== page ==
Can a Reasonable Argument be Made for Variations in Human Longevity to be Significantly Driven by DNA Repair?

As I’m sure you are all aware, we humans do not exhibit a uniform pace of aging. Setting aside mortality caused by anything other than aging, the vast majority of recorded life spans at the present time fall within a range of three decades, 65-95. A comparatively tiny number of exceptional outliers age to death at younger or older ages. Some of this variation can be attributed to secondary aging, which is to say the way in which circumstances and lifestyle choices interact with the biology of aging. Visceral fat tissue and smoking cause greater chronic inflammation, accelerating all of the common age-related conditions, for example. On the other hand, calorie restriction modestly slows most aspects of aging. The rest is due to differences in primary aging, meaning intrinsic differences in genetics that lead to differences in the operation of cellular mechanisms that occur more independently of lifestyle and environment. Some human mutants have lower blood cholesterol, and thus slower onset of atherosclerosis, for example.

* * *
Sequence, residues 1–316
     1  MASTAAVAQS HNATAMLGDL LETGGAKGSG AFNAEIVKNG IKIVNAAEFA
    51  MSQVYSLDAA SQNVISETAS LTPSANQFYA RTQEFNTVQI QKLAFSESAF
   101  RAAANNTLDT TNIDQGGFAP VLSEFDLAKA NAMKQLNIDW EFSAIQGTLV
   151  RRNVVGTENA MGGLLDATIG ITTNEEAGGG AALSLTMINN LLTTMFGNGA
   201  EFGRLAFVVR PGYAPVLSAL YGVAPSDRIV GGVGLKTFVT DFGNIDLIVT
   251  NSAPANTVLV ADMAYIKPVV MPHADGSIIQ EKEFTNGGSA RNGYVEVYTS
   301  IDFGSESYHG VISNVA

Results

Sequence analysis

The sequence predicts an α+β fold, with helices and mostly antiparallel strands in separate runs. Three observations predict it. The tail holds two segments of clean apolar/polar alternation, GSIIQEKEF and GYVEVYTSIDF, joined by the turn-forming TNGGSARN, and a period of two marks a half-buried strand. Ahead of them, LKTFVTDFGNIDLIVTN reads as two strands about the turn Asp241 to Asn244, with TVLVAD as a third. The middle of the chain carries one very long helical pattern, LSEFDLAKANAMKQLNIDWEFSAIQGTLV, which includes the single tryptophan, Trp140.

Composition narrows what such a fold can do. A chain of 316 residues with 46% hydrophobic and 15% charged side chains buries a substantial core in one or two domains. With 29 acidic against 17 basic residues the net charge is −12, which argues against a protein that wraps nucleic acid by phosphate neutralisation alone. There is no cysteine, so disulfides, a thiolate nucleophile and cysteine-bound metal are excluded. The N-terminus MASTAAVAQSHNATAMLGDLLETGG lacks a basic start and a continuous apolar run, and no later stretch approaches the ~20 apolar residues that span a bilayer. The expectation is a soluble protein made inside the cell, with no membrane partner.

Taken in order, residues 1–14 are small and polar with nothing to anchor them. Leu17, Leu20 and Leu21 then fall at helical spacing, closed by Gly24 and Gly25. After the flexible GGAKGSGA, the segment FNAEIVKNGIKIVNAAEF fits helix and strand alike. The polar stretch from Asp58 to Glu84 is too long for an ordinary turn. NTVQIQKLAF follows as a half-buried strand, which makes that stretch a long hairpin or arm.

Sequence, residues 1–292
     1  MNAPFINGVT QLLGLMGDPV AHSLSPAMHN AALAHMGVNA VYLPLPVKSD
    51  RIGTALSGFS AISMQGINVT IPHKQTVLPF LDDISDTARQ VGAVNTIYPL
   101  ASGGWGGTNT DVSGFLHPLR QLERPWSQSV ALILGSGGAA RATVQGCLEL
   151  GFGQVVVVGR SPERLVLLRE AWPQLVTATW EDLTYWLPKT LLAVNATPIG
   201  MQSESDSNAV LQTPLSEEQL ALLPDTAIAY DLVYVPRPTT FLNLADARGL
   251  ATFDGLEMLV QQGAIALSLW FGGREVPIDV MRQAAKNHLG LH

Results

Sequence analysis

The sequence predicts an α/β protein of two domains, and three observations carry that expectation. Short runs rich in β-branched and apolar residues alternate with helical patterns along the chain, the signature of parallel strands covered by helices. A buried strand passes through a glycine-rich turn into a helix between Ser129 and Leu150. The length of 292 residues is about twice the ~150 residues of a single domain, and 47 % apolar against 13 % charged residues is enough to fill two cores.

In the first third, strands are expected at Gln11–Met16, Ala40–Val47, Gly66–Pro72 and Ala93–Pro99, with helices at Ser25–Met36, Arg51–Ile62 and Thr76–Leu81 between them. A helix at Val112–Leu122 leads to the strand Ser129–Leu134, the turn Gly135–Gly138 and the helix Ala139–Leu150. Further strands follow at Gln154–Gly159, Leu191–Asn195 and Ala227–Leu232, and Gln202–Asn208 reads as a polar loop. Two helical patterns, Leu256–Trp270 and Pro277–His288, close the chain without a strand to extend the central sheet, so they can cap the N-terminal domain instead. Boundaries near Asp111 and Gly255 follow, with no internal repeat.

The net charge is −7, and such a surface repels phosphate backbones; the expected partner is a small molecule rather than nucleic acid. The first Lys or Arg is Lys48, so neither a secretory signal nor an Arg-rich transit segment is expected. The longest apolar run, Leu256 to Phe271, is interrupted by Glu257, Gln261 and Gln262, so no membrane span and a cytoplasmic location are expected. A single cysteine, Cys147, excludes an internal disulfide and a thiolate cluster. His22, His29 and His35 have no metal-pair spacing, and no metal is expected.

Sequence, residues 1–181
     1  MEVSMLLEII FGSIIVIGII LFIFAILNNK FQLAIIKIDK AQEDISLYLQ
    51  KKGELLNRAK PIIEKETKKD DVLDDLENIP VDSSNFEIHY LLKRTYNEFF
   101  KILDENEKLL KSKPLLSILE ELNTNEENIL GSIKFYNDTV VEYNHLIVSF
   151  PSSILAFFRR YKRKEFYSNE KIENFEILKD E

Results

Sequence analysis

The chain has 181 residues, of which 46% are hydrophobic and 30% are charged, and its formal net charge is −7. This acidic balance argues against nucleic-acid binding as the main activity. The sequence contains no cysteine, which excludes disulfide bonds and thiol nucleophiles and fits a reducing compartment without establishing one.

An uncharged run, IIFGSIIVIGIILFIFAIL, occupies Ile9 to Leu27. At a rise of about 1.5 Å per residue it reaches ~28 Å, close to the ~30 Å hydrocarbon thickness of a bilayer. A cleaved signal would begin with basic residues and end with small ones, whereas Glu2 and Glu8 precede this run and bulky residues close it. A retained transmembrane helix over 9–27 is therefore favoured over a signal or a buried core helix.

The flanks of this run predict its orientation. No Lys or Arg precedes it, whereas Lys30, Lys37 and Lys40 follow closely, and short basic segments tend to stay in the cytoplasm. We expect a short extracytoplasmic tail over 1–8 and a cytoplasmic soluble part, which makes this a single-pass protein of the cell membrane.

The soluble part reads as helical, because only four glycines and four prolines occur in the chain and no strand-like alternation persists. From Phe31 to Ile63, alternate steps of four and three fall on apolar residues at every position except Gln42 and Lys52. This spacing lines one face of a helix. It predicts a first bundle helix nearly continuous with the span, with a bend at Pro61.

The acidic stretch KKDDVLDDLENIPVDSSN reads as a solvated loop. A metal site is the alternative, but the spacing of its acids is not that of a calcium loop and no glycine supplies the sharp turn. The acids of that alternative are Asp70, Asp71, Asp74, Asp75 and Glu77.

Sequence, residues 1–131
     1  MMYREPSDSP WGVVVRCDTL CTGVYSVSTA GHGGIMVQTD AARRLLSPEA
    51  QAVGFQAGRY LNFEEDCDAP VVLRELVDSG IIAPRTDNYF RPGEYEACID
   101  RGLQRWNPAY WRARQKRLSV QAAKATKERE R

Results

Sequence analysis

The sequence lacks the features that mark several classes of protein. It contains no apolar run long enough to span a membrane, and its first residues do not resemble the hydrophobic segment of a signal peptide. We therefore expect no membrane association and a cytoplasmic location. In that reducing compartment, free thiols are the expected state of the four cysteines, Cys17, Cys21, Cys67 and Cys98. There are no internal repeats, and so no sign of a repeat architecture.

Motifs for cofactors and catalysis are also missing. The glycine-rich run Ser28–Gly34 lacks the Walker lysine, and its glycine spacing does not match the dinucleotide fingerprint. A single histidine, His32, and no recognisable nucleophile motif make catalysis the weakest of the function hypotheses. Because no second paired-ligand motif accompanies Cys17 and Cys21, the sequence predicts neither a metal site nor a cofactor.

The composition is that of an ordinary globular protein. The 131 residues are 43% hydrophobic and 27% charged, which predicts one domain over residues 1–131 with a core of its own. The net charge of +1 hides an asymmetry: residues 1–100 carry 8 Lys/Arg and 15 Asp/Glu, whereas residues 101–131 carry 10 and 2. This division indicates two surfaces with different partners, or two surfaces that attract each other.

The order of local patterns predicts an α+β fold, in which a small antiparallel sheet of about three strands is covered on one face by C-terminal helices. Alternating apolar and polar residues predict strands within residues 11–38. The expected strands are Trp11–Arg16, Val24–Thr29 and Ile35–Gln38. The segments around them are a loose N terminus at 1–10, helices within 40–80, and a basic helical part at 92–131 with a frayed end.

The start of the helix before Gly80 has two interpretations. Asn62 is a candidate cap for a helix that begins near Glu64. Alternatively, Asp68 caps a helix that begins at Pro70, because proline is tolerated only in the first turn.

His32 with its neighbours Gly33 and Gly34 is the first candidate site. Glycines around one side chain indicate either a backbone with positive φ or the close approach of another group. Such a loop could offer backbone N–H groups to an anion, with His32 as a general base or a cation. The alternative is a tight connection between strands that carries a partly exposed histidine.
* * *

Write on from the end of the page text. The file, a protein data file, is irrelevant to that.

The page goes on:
secondary agingVisceral fat tissuesmokingchronic inflammationcalorie restrictionprimary agingatherosclerosis

Most accelerated aging conditions take the form of a mutational malfunction in DNA repair – cells become damaged and dysfunctional much more rapidly than is the case in normal individuals.

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